Canada on 'thin ice' with largest trading partners: Peter MacKay
Former foreign affairs minister Peter MacKay is warning that diplomatic tensions between Canada and some of its biggest trading partners could have a “dire” impact on the Canadian economy.
MacKay was referring to the dispute between Canada and Saudi Arabia, and the country’s mounting tensions with China following the arrest of Huawei Technologies Co. CFO Meng Wanzhou in December.
“Some of our biggest trading partners now, we are on very thin ice [with],” said MacKay, now a partner at Baker McKenzie, in an interview with BNN Bloomberg Monday. “That could have dire consequences for the Canadian economy.”
MacKay said he isn’t surprised about how diplomatic tensions are affecting companies like SNC-Lavalin Group Inc. The Montreal-based engineering company said Monday it wrote down the value of its energy unit by $1.24 billion, citing the fallout of souring relations between Canada and Saudi Arabia.
“I think we are going to see more of that quite frankly,” MacKay said.
“In terms of doing business in Saudi Arabia, [SNC] better have some very good representatives on the ground who are translating for them the importance of their business relations,” he added. “And in some ways, distancing themselves from the tensions that have been created by their own government and saying this is a business-to-business relationship.”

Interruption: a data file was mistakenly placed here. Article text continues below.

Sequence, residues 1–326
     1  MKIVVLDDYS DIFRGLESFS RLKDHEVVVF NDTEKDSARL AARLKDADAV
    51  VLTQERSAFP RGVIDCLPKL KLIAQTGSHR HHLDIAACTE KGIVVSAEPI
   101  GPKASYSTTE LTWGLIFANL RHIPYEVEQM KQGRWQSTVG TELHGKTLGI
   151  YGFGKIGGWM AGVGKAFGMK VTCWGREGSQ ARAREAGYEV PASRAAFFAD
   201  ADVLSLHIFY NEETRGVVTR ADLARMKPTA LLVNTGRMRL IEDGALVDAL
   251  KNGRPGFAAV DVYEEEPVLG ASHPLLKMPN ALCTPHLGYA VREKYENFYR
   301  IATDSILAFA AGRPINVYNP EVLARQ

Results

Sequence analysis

MacKay also said he is worried about recent comments made by Canada’s former ambassador to China, John McCallum, regarding the Huawei case, which caused controversy partly because of their contrast to the federal government’s messaging.
The comments ultimately led Prime Minister Justin Trudeau to request and accept McCallum’s resignation on Friday night, at a time when relations between the two countries are already on ice with multiple Canadians currently detained in China and Meng under house arrest in Vancouver.
“There’s no doubt in my mind that anything with a Canadian flag in Saudi Arabia, and potentially now in China, is going to be treated differently than it was prior to these tensions erupting,” MacKay said.
“We have to do everything in our power now to try to lower the temperature and restore some normal relations [not only] on the diplomatic front but also for our economy.”